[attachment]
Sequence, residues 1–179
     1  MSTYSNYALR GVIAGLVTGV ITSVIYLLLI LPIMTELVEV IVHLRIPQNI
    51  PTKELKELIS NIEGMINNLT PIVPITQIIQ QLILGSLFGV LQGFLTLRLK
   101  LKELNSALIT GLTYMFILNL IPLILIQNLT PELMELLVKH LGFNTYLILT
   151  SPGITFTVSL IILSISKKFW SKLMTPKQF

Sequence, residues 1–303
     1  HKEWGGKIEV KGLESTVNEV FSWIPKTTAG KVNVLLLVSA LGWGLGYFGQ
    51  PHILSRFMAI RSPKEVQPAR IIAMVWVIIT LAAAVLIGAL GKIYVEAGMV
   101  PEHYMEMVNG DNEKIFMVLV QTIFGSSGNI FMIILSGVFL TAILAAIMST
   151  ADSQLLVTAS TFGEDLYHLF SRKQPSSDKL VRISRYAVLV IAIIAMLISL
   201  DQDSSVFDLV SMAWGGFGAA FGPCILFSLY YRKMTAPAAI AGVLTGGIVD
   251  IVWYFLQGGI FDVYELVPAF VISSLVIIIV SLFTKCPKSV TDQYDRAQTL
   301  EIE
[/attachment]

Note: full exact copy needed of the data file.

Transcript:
Sequence, residues 1–179
     1  MSTYSNYALR GVIAGLVTGV ITSVIYLLLI LPIMTELVEV IVHLRIPQNI
    51  PTKELKELIS NIEGMINNLT PIVPITQIIQ QLILGSLFGV LQGFLTLRLK
   101  LKELNSALIT GLTYMFILNL IPLILIQNLT PELMELLVKH LGFNTYLILT
   151  SPGITFTVSL IILSISKKFW SKLMTPKQF

Sequence, residues 1–303
     1  HKEWGGKIEV KGLESTVNEV FSWIPKTTAG KVNVLLLVSA LGWGLGYFGQ
    51  PHILSRFMAI RSPKEVQPAR IIAMVWVIIT LAAAVLIGAL GKIYVEAGMV
   101  PEHYMEMVNG DNEKIFMVLV QTIFGSSGNI FMIILSGVFL TAILAAIMST
   151  ADSQLLVTAS TFGEDLYHLF SRKQPSSDKL VRISRYAVLV IAIIAMLISL
   201  DQDSSVFDLV SMAWGGFGAA FGPCILFSLY YRKMTAPAAI AGVLTGGIVD
   251  IVWYFLQGGI FDVYELVPAF VISSLVIIIV SLFTKCPKSV TDQYDRAQTL
   301  EIE